Now you have two official options if you want to disinfect high-touch surfaces such as the statues in your Kanye West shrine. On Monday, the Environmental Protection Agency (EPA) announced that that they have approved Lysol Disinfectant Spray and Lysol Disinfectant Max Cover Mist for use against the severe acute respiratory syndrome coronavirus 2 (SARS-CoV-2). These are the first two products to receive such a designation.
Now, hold on a second, you may ask, didn’t the EPA already provide a list of over 400 disinfectant products, the so-called List N: Disinfectants for Use Against SARS-CoV-2 (COVID-19)? Well, these were disinfectants that the EPA in many cases had assumed would work against the Covid-19 coronavirus. This list was initiated near the beginning of the pandemic when the White House was still scrambling to figure out what to do about the Covid-19 coronavirus, as opposed to now, when the White House seems to be scrambling to figure out what to do.
Since the EPA at the time couldn’t wait for disinfectants to be tested specifically against the Covid-19 coronavirus, they assembled a list of products that worked against viruses that are seemingly “harder to kill” than the Covid-19 coronavirus. Seemingly “harder to kill” may sound a bit like a 2020 Steven Seagal movie sequel but is an apt description for many gastrointestinal viruses such as norovirus. Unlike the SARS-CoV2 which is just surrounded by lipid envelope, norovirus has a much sturdier protein shell that can protect it against many cleaning products.
List N also included products that could inactivate types of human coronavirus that are similar to but not the same as the SARS-CoV-2. All of this suggested that all of the disinfectants on List N could help keep your “Kanye for President” buttons Covid-19 coronavirus-free.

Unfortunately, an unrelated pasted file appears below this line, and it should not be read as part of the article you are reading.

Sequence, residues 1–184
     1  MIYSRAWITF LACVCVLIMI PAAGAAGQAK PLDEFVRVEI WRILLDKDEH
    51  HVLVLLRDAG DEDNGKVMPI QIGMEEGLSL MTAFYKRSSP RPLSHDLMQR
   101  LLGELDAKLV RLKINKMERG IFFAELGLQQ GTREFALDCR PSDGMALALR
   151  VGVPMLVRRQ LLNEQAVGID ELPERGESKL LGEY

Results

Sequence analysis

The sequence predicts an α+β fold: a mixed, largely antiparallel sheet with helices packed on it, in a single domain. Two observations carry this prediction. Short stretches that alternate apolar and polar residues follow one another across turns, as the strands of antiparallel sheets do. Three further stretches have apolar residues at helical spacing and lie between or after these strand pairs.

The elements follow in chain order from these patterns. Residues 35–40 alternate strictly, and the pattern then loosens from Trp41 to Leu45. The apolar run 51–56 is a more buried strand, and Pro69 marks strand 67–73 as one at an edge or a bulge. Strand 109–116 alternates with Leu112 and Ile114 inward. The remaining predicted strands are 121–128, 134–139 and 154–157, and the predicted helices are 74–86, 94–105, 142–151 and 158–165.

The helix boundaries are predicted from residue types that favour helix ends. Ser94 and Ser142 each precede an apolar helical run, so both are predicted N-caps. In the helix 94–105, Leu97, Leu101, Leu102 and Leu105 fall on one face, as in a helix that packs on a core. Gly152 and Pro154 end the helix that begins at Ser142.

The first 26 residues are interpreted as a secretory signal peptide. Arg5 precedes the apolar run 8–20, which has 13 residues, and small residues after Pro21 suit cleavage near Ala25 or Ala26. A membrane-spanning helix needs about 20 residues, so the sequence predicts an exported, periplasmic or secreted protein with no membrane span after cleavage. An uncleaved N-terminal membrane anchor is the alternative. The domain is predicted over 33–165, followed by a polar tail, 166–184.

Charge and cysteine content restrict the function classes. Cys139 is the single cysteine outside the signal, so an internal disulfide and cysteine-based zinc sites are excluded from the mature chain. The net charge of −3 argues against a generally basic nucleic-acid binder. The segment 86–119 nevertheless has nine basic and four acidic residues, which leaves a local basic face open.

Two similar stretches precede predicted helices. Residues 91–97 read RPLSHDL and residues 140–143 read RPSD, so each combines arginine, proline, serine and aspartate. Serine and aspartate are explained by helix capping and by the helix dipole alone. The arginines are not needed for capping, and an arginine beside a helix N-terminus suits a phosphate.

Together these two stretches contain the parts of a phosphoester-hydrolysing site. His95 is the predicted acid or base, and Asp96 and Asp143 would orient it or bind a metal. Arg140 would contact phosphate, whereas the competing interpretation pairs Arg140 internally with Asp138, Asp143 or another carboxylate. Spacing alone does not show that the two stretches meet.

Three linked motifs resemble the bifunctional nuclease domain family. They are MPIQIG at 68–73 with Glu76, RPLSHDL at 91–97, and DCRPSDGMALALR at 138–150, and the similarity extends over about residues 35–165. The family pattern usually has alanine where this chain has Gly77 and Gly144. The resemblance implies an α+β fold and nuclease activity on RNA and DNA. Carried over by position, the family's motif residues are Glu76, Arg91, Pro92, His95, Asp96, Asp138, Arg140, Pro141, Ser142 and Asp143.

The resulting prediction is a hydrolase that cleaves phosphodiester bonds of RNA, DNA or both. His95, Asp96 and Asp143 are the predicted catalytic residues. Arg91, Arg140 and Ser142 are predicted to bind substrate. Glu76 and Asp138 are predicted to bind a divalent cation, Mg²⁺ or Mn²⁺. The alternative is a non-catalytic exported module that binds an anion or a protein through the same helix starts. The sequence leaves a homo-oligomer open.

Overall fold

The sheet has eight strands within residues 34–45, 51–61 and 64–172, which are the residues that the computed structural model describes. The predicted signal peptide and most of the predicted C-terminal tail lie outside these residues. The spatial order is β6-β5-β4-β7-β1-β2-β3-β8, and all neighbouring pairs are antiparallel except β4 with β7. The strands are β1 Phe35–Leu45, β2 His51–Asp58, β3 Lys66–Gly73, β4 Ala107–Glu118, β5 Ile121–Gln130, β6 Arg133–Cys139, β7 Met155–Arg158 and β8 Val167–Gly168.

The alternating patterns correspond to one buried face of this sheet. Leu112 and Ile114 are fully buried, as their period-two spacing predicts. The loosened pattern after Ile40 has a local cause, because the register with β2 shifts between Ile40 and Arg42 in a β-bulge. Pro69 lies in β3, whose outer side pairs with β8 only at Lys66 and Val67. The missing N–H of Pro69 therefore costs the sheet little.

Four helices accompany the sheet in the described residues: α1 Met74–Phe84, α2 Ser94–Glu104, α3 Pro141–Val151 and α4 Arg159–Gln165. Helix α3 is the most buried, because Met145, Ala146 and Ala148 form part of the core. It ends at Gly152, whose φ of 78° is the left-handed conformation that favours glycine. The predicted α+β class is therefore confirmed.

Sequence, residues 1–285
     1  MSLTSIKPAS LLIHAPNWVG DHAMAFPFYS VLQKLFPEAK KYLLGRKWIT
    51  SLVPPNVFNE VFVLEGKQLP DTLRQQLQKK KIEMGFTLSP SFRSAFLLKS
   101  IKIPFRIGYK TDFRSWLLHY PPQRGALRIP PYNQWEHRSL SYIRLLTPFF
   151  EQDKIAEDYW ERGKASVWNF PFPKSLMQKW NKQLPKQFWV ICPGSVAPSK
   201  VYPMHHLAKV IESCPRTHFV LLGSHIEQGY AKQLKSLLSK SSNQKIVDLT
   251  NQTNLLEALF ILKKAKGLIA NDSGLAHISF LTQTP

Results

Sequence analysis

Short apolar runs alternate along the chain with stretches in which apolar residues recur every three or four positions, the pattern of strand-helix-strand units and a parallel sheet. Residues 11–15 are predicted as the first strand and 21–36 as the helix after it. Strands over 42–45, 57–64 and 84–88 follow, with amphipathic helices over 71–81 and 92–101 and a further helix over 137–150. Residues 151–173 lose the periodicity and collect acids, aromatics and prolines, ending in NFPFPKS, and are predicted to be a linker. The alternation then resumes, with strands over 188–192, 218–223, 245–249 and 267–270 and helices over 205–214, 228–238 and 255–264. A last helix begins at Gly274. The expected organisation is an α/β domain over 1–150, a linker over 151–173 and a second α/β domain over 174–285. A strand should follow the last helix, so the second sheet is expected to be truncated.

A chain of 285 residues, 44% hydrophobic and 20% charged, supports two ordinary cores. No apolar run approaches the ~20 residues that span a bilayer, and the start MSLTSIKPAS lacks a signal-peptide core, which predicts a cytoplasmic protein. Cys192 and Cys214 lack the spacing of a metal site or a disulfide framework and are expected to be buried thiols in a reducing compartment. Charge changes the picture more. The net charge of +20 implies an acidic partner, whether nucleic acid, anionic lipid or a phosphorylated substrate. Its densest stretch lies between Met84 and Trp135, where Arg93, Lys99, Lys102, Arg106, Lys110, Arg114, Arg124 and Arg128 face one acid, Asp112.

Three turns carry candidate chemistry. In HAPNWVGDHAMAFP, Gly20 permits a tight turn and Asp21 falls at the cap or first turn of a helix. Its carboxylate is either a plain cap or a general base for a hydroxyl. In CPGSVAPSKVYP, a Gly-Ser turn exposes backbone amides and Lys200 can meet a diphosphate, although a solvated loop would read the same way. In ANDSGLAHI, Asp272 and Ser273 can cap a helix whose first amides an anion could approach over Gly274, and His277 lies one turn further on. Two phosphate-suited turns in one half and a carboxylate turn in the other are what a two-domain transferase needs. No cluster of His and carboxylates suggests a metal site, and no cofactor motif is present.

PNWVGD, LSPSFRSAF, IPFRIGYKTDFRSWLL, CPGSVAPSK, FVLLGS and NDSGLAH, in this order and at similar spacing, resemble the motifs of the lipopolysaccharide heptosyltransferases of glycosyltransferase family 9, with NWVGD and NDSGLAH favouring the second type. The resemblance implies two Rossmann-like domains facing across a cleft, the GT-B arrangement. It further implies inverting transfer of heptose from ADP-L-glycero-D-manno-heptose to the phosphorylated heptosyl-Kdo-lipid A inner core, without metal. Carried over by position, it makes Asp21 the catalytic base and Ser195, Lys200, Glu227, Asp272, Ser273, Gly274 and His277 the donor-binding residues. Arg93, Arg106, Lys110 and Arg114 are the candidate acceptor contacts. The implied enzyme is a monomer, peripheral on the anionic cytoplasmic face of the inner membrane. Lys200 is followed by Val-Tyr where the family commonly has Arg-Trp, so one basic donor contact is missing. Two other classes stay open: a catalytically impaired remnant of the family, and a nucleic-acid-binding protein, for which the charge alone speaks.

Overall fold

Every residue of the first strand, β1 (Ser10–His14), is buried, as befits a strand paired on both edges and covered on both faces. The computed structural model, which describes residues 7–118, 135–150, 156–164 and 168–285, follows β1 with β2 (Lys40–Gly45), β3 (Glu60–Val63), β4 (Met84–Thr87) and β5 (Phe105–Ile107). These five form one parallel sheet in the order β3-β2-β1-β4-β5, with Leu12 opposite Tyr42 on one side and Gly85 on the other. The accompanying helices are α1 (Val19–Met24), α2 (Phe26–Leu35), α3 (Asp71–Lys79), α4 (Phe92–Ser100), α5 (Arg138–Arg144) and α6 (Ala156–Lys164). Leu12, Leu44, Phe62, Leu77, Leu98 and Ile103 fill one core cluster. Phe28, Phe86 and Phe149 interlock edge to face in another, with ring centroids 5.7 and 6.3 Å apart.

Nevertheless, most of the products on List N do not yet have peer-reviewed scientific publications demonstrating their effectiveness against the Covid-19 coronavirus. That’s what’s currently different about these two Lysol products that are manufactured by RB, which stands for Reckitt Benckiser and not Arby’s.
A press release from RB mentioned a study that they had commissioned. As detailed in a letter published in the American Journal of Infection Control, this study tested how well various ingredients in Lysol products worked against the Covid-19 coronavirus. All of the tested components, which included ethyl alcohol, para-chloro-meta-xylenol, salicylic acid, and quaternary ammonium compounds, inactivated the SARS-Cov2 within five minutes of being in contact with the virus.
Of course, this EPA announcement may make the two Lysol products even harder to find. Since the beginning of the pandemic, finding appropriate disinfectants has often been as hard to find as true love, the Yeti, and toilet paper, not necessarily in that order. Store shelves may still be bare except for products that don’t appear on List N. Don’t compromise though. If a disinfectant is not on List N, say “no, no, no” because you don’t want to risk using a disinfectant that doesn’t work against the SARS-CoV2.
One more thing. When using disinfectants, follow the directions on the product packaging and not what you may happen to hear from other sources, such as, oh maybe, a White House press conference. Recall that Lysol had to issue following tweet, back on April 24:
Don’t ingest or inject disinfectants. Don’t put it in or on your body. Approved for use against SARS-CoV2 doesn’t mean use anywhere, anyway, or anyhow. There’s a big difference between you and that Kanye West figurine in your bathroom.